The main focus of the restoration project has been to open the dikes and return the landscape to tidal wetlands and create habit for endangered wildlife such as snowy plover, clapper rail, black rail, and salt marsh harvest mouse. I only saw the more common species of wetland birds, but lots of those. The ruins of the salt works and about 10% of the salt ponds are going to be kept as a remnant of the site’s history and as photographer bait.

The ponds are most striking when you look down on them from the sky and see the colors of the micro-organisms living in the water. Different colors form depending on the salinity of the water: green, rust brown, orange, milky pink, and at the highest salinity a shocking purple. I could see rust in one pool and pink in another when I leaned out over them and looked downward. The NASA aerial photo below is completely untouched; those are the natural colors of the ponds.

NASA Aerial View of the Cargill ponds

QUEST did a segment on the project, focusing on the southernmost of the three sites, Alviso:

One of the areas that I saw on my visit (but didn’t photograph) was opened to Alameda Creek this week and will soon be opened to the bay.

— Addendum 1/7/12 — Chuck B. at My Back 40 Feet has a collection of posts on the Bay Area salt ponds and photos from a visit to Don Edwards San Francisco Bay National Wildlife Refuge a little bit further south, worth a look.

Baxter Creek Wildflower Area

Beginning of the Wildflower Area

Near our house, along the Ohlone Greenway bike path, there’s a wildflower area tended by volunteers. I’m not sure how long the area has been tended, but it was already established when we moved to Richmond five years ago. It’s a mix of native and non-native wildflowers, kept remarkably well weeded. From March until about June it has a consistent show of flowers and is impressive enough that I sometimes ride the mile or so out of my way to see what’s in bloom. This week I counted about two dozen different annuals blooming or budding. Cal poppies and phlox are the stars at the moment; later in the year there is always a big show of clarkia.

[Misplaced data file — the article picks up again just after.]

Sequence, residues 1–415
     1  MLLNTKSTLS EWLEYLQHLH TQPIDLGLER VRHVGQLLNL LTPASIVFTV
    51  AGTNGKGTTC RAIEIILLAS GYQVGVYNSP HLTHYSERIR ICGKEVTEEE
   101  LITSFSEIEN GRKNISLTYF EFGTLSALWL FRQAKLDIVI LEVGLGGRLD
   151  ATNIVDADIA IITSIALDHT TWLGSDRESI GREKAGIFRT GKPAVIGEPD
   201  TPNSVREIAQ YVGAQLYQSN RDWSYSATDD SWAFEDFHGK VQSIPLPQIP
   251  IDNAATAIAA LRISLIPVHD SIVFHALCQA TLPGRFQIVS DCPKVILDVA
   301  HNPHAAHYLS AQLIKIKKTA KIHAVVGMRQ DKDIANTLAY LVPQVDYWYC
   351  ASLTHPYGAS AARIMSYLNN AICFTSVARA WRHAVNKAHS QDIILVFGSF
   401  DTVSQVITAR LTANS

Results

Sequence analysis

Looking North

Looking South


Baxter Creek

Past the wildflower area, the bike path effectively ends a few hundred yards later when it hits San Pablo Ave. The wildflower area used to be the turnaround point, but now there’s a restoration project just past it that is starting to grow in and be quite nice, too. The restoration project is in Baxter Creek Gateway Park, built in 2006, part of Richmond’s plan for the Richmond Greenway that would continue the bike path across San Pablo Ave and through the city to connect with the Bay Trail. Poor little Baxter Creek comes out of a pipe, gets a few hundred yards of daylight, and then goes back underground to cross San Pablo Ave into the brownfields of central Richmond.

Poor Little Creek

Under Construction

These two photos are from a powerpoint online showing photos and drawings of some of their creek restoration work. I didn’t realize how much earth moving had gone into the restoration project, in contrast to the wildflower area where the work was little more than weeding and seed-scattering. The two projects go well together with the garden/flower appeal of the wildflower area and the ecology/infrastructure goals of the restoration.

After Construction

The city reshaped the bed of the creek to make it more sinuous, using grading and habitat to help slow, filter, and infiltrate the water. Willows are the most obvious plant, but there are also young oaks, maples, buckeyes, coffeeberries, Toyons, monkey flowers, artemisias, yarrow, coyote brush, and probably others.

Baxter Creek Shaded by Willows

Artemisia californica